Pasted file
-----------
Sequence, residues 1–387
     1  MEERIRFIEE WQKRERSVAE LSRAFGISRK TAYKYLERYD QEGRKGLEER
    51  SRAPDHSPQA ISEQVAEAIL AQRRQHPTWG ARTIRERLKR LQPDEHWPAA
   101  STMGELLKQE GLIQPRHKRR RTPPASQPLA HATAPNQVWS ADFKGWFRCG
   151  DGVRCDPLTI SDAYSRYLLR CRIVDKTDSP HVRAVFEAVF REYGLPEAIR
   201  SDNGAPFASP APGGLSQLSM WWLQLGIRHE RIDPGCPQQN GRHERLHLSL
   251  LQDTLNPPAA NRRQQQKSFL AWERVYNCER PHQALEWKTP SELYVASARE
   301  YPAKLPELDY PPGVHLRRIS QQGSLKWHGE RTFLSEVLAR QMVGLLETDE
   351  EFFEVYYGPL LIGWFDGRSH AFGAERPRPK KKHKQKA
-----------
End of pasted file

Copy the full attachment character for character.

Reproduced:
Sequence, residues 1–387
     1  MEERIRFIEE WQKRERSVAE LSRAFGISRK TAYKYLERYD QEGRKGLEER
    51  SRAPDHSPQA ISEQVAEAIL AQRRQHPTWG ARTIRERLKR LQPDEHWPAA
   101  STMGELLKQE GLIQPRHKRR RTPPASQPLA HATAPNQVWS ADFKGWFRCG
   151  DGVRCDPLTI SDAYSRYLLR CRIVDKTDSP HVRAVFEAVF REYGLPEAIR
   201  SDNGAPFASP APGGLSQLSM WWLQLGIRHE RIDPGCPQQN GRHERLHLSL
   251  LQDTLNPPAA NRRQQQKSFL AWERVYNCER PHQALEWKTP SELYVASARE
   301  YPAKLPELDY PPGVHLRRIS QQGSLKWHGE RTFLSEVLAR QMVGLLETDE
   351  EFFEVYYGPL LIGWFDGRSH AFGAERPRPK KKHKQKA